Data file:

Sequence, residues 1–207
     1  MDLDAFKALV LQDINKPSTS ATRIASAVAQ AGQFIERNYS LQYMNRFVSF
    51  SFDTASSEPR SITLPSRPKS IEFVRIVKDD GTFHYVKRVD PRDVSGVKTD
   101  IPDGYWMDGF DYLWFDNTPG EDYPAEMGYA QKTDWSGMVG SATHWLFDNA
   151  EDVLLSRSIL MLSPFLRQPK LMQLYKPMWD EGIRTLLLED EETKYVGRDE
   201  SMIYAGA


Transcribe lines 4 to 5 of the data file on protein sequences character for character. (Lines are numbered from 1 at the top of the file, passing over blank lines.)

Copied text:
   101  IPDGYWMDGF DYLWFDNTPG EDYPAEMGYA QKTDWSGMVG SATHWLFDNA
   151  EDVLLSRSIL MLSPFLRQPK LMQLYKPMWD EGIRTLLLED EETKYVGRDE